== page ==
Would you like to know how people talk in the film I saw a little while back? Here's a peek:
- Agli baar mardon ki baarat mein hijron ki toli mat bhejna.
- Hyder Ali woh Mussalman hai jo vardi utarne par bhi apne desh ke liye shaheed ho sakta hai.
- Desh ki ranbhoomi mein Arjun hamesha shastra uthata tha, uthata hai, aur uthata rahega.
- Zafar ke bhadwe, woh kya hit list banayega? Hit list to hamne banayi hai. Yeh le aur dikha dena apne baap ko.
- Sir, aapka sankalp ab hamara kartavya hai.
- Arjun Ranawat, tune barood pe baith kar aag lagayi hai. Ab dhamaka hoga. Dhamaka!
- Haramkhor! Tujhe maine doodhwale se neta kisliye banaya?
Whew! I am yet to recover from these 'heavy duty' exchanges that appear to be casual conversations in this Friday's offering, Garv: Pride & Honour.
What you need to know: Garv is about cops. Rather it's about one cop, Arjun Ranawat (Salman Khan), who will do, as the promos claim, 'whatever it takes' to get justice done. He doesn't do 'whatever'. He only shoots indiscriminately, preferably in the medulla oblongata. When he runs out of revolvers, he resorts to an axe or even a sword.
What Garv offers:
* Dishoom dishoom: Tons of guns fire and millions of bullets fly all over the screen in two hours and 45 minutes, the film's running time. Brains pop out accompanied by fluorescent red blood spewing from a junior artiste's mouth. Besides the regular action, there are elaborately staged police encounters, RDX-infested traps, extortion, threats, rape, and verbal bashing in courtrooms, though not necessarily in that order.
* Khakis: After Khakee, Ab Tak Chhappan, Police Force and Aan: Men At Work, Garv too goes through the routine of khaki-clad officers lamenting for different reasons. The cheap one cries about his meagre salary. The chicken cries how they should flee from the spot of action. The frustrated one cries about communal discrimination. The brave one cries about the corrupt politicians.
* Hindu-Muslim bhai bhai: There is simply no escaping this subject in Bollywood these days. Whether it is in your face like in Gadar: Ek Prem Katha or subtly put across as in Lakshya, filmmakers have to bring up the Muslim-Hindu angle. In Garv, it is used to emphasise the undying friendship between the scrupulously honest Muslim cop (a sincere Arbaaz Khan) and the kind-hearted Hindu cop (elder brother Salman).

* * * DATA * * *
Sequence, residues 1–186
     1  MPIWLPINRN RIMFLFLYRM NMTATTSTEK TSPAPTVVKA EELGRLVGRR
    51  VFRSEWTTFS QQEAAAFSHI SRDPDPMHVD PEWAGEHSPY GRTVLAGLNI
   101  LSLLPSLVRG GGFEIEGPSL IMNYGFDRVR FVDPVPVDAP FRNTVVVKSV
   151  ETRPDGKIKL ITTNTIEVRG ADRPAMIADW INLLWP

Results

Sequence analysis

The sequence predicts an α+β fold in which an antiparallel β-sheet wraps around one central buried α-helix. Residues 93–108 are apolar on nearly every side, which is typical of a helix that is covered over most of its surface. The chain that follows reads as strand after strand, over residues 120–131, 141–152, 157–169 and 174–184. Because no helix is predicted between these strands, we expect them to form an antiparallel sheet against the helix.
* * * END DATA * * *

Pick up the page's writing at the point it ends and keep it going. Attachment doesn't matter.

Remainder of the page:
* Navel watch: Oh man! The director's idea of 'relief' after every lashing action sequence or long-running acerbic conversation between the corrupt Chief Minister Kashi Trivedi (a hamming Govind Namdeo) and Arjun is a woman flaunting her navel in cabaret numbers. The navel festival loses its sizzle after a high overdose.
What Garv does not offer:
* Novelty: There is nothing exceptional about Garv in terms of story or execution. You know exactly what to expect. It's a beaten-to-death plot about a righteous cop and his Satyamev Vijayate [Truth will triumph] stance. Like most do-gooder cops, here too the hero falls in love with a bar dancer (Shilpa Shetty in a role as skimpy as her wardrobe).
* Continuity: Salman Khan's hair acts a detector for continuity glitches. First he has black hair. Then his hair sports a dark golden brown streak. Then his hair, now much longer, wears a different shade of brown.
* Capable direction: Remember Punit Isarr as Duryodhan in B R Chopra's epic television serial Mahabharata? More importantly, do you recall those dramatic performances by the cast? Who can forget those flaring nostrils, that thundering dialogue delivery, the hysterical anger, blistering lip movement, and the works? That's the kind of acting you get to see in Garv. Everyone talks like a nutcase. Clearly, director Isarr is yet to get over the Mahabharata phase.
Though I must add that Salman Khan is decidedly restrained in comparison. The camera focuses on his eyes, and the sound editor on his crisp diction. It's definitely not his best work, but he does lend Garv a certain aura without which it would have fallen flat entirely.